Diet free living: there is work to be done

It’s been a few weeks since a “diet free living” post and I’d like to share my experience with those of you who are interested in my progress.

It’s been interesting. Interesting how easy it has been to eat without guilt. Interesting how quick fix diet desires still resurface. And then die down. Interesting how stopping weighing myself (!!!) has really contributed to drama-free eating.

It’s actually surprised me how little time I’ve been spending worrying about what, when, how much to eat… or what it would do to my figure. The post where I talked about “failing at diet free living” (kind of an oxymoron, I realize now – thank you for getting me straight!) after a bit more self-examination made me realize that it was all triggered by the scale. I was feeling “successful” after a few weeks of diet free living, so I wanted the scale to reflect that (and it did) but then all this pressure to continue being “successful” came on and that’s when it once again became a quasi-diet and I started freaking out (subconsciously and consciously) which in turn resulted in overeating and the feeling of “failure.”

No scale = less fixation on weight

But here is the deal, while I’ve been eating daily treats without much afterthought, I’ve also been on and off struggling with an overwhelming desire to be thin, which I feel is unachievable the way I currently eat. I keep thinking: “I don’t want to be fat and happy, I want to be thin and happy.” I know that HAPPY should be enough, but why does it need to be mutually exclusive with wanting to be beautiful?

Here is what I figured… it doesn’t. But beauty is subjective. I know that my husband finds me beautiful. I’m sure many other people may find me beautiful and many others will not. And that will always be the case, regardless of my weight. What I need to work on is breaking the link between beauty, thinness and self worth. I can be beautiful at any weight because I’m me. Man, that’s one freeing thought!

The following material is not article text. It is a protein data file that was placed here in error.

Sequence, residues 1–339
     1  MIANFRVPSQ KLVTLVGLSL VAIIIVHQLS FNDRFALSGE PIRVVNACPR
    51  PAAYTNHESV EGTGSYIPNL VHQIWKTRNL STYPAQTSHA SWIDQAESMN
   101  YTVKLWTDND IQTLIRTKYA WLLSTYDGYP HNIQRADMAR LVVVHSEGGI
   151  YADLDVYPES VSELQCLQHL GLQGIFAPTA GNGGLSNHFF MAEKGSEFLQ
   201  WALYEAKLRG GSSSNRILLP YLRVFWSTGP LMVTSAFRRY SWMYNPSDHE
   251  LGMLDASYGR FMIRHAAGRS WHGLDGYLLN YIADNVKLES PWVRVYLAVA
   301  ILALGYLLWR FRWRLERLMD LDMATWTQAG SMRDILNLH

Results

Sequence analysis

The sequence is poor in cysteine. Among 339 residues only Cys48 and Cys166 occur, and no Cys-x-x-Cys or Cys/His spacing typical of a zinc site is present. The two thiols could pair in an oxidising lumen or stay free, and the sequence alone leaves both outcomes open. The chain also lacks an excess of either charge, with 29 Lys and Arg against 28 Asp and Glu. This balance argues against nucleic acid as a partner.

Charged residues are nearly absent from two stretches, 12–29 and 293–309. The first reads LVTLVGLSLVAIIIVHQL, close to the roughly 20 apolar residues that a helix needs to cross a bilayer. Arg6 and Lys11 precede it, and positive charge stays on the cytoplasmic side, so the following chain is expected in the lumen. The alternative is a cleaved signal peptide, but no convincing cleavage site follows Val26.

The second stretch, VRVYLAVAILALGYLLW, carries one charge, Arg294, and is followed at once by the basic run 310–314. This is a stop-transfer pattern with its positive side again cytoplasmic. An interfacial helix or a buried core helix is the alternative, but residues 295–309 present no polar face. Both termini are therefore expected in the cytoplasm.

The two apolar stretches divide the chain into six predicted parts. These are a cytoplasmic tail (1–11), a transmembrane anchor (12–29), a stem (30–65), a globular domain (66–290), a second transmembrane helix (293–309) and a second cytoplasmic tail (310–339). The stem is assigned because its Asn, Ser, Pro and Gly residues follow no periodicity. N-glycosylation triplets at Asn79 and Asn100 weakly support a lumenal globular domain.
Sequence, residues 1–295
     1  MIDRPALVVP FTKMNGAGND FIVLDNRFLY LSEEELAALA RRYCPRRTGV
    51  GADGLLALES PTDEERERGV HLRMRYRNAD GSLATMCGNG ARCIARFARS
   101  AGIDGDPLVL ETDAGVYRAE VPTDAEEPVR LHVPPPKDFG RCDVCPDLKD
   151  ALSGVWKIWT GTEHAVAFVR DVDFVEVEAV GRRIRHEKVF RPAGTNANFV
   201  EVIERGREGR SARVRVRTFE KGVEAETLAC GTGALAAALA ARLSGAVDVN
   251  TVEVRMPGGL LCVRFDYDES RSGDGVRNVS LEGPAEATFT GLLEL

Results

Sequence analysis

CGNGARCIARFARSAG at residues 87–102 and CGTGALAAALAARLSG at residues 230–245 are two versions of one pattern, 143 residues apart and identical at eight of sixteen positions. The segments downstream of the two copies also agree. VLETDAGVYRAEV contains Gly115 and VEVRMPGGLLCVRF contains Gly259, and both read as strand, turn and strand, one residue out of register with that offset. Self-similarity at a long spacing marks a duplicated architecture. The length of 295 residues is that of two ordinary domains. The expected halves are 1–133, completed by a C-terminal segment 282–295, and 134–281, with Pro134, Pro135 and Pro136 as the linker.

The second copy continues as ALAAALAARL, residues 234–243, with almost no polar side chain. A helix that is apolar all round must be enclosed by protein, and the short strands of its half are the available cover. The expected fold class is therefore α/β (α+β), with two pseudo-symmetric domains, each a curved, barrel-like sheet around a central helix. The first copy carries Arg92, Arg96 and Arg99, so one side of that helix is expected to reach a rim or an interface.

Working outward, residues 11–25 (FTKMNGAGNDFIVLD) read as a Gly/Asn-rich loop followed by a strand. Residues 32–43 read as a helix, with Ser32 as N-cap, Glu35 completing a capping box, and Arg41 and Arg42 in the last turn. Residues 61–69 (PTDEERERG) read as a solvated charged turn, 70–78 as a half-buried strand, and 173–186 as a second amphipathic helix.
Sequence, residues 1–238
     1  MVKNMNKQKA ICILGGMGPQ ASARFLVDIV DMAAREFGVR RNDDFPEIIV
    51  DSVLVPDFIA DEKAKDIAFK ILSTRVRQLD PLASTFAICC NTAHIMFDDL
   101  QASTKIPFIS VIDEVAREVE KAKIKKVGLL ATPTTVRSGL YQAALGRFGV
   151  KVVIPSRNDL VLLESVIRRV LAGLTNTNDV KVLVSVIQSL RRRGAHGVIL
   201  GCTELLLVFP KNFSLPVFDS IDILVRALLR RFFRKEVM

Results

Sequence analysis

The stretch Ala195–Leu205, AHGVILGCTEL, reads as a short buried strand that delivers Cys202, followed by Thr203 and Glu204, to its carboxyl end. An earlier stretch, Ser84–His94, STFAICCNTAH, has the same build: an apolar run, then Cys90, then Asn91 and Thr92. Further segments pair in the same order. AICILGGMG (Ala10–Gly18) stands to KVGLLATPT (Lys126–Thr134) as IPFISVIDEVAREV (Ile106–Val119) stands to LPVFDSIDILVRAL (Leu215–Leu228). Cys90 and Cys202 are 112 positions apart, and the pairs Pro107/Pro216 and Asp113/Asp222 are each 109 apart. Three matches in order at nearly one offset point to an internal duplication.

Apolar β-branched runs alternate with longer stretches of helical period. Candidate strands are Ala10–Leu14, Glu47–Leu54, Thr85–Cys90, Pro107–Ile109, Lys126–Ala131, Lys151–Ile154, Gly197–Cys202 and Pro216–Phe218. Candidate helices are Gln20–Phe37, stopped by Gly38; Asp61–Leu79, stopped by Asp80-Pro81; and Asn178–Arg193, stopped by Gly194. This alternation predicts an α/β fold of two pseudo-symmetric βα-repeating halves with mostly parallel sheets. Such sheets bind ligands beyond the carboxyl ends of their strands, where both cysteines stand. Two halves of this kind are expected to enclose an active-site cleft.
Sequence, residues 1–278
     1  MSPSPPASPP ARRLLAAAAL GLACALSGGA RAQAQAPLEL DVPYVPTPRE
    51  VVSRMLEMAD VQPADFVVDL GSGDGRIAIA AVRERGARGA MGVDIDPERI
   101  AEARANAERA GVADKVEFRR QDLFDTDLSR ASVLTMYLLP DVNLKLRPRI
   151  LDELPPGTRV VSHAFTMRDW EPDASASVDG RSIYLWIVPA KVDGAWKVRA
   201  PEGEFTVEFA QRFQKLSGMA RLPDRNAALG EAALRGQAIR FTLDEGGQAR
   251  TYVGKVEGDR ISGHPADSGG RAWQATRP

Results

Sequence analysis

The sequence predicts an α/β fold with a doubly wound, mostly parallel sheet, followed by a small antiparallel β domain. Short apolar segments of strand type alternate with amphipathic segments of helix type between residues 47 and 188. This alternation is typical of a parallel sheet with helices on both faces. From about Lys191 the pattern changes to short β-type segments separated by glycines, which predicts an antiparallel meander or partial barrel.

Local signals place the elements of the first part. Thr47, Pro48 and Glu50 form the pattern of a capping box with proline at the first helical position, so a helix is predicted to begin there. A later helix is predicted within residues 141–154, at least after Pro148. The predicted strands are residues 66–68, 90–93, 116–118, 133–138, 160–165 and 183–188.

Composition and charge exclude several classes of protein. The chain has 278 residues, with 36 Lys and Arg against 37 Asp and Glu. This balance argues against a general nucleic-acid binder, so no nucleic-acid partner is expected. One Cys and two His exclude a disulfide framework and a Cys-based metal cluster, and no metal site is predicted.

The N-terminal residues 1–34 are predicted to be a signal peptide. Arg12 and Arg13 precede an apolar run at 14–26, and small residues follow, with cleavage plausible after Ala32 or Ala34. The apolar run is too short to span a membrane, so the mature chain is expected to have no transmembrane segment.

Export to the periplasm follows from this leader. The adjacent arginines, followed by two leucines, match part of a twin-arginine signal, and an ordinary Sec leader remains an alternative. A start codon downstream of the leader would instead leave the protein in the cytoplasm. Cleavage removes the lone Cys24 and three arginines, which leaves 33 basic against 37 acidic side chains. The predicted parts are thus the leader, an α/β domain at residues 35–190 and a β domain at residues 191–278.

I’m going to let this one marinade for a bit… and invite you to do the same if you are in a similar space.

PS – Adam forwarded to me this cool website with pictures of people at different height and weight. It was nice to step outside of myself and see real women around my size – they looked great – not supermodel thin but real and beautiful! Another reminder that there is still some internal work to be done before I can have a chance at “happy.”

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31 comments to Diet free living: there is work to be done

  • I love this: “I can be beautiful at any weight because I’m me.” I believe you can really get to a place where you feel that all the time!

  • It’s great to have someone who thinks you’re beautiful any way that you are.

    I’m trying to stay positive and hope that people think the same of me too. Lately I haven’t been taking care of myself as well as I should (my hair, nails, clothing is a mess) because I’m stressed with deadlines. So even if my weight has been the same, I feel like a slob. I know things will get better, but in the meantime, I am not going to let those things bug me too much.

    • Elina

      Work deadlines do that to me as well. I notice a big difference in my mood (and then my eating) if I haven’t been putting any effort in my outfits, hair and nails. I feel like I’m prioritizing other things over myself (and I am – I feel like I have no choice… but the truth is I do – there is a compromise in there somewhere). I actually have my usual quarterly busy time coming up (with a few extra things thrown in!) so we’ll see how I deal with them this time around. I’m hoping to actually take care of myself in the midst of all of this. I may not be able to work out every day and straighten my hair for an hour but there are probably little things I can do. Can you? Good luck!!! I know very well how tough this is.